It starts with gaining a detailed understanding of what the patient’s concerns are, not what treatments they are interested in. Most aesthetic patients come in thinking they know what they want. As an example many think they need an upper lid blepharoplasty but what they really need is a brow lift. Other come in asking about fillers but really need Botox or vice versa. The understanding of what they are concerned about is found not by asking what they are interested in but rather, what their concerns are. We start in a conversational manner. Most often a patient will start by saying something like “I think I need Botox right here.” My answer is generally something like, “Well, that is certainly something we can do, but what is it that makes you want Botox?” The next several questions are directed at helping the patient target the real issues behind the concerns such as texture, tone, tightness, wrinkles, poor size, volume etc.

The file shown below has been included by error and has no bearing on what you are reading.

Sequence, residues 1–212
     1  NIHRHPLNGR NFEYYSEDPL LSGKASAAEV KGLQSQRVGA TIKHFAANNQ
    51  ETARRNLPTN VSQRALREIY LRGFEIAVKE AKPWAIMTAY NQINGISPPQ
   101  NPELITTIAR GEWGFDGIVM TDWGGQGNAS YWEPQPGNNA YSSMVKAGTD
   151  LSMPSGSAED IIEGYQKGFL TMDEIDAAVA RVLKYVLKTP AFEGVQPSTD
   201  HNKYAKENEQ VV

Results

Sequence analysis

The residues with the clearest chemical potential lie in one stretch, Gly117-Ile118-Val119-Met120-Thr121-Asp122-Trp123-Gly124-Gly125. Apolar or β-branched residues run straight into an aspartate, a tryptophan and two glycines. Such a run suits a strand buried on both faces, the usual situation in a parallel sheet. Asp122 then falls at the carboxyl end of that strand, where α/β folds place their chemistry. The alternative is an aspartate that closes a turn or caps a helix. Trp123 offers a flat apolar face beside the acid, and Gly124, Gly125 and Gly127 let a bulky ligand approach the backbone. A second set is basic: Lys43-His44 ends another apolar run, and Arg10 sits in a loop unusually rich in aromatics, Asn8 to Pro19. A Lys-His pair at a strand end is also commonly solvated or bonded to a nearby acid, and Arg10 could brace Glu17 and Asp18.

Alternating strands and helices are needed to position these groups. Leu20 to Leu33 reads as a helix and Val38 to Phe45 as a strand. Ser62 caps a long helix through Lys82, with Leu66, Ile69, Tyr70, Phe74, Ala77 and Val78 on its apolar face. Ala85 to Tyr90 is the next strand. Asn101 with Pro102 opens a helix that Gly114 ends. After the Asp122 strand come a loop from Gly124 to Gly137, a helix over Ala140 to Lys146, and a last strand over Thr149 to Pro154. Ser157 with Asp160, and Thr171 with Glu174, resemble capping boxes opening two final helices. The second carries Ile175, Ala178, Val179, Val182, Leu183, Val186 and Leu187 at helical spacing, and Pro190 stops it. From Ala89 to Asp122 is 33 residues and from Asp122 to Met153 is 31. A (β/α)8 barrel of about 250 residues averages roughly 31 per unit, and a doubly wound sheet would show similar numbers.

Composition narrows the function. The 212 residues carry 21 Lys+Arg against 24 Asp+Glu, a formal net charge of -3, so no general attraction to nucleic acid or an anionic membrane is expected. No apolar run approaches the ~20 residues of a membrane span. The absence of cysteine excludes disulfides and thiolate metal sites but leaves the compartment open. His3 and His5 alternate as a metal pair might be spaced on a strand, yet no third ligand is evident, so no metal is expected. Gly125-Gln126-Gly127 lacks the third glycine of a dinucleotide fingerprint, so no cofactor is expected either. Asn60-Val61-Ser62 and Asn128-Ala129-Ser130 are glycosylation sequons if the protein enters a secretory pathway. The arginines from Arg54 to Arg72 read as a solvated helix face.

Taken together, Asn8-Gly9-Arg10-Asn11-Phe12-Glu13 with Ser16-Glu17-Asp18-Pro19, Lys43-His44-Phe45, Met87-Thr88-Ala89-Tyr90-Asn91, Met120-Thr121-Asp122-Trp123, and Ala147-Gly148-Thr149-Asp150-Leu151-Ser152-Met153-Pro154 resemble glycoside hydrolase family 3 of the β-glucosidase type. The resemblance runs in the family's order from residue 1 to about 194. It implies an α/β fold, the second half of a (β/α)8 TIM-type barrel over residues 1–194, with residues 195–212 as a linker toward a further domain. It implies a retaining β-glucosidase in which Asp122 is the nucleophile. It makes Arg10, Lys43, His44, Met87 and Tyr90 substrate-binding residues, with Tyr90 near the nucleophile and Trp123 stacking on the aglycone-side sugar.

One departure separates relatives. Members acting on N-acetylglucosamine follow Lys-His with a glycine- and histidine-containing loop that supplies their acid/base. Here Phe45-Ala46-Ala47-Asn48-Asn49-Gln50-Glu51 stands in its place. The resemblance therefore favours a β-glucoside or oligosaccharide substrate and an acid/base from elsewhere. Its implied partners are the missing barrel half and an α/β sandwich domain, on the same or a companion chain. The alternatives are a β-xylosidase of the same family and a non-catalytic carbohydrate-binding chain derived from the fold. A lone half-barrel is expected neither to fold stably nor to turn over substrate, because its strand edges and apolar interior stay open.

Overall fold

I use a consult tool I call the $10,000 mirror. We have a simple hand mirror that has no magnification on one side and 3 to 5 times magnification on the other. I hand it to the patient with the magnified side facing them. The interesting thing is that most people when given the mirror will start looking very intently at themselves and even start picking and brushing at things on their face. I then have a checklist of items I ask them about. We go through the checklist item by item and discuss its impact on the overall appearance of the face. Once this is completed, I formulate a plan of all that can be done for them, that will include things I can do but also things others may be able to do. As an example, I do not do face lifts, but if the result they are after is best served by a face-lift, I put that on the plan. It is rare that we don’t do most of what they will benefit from.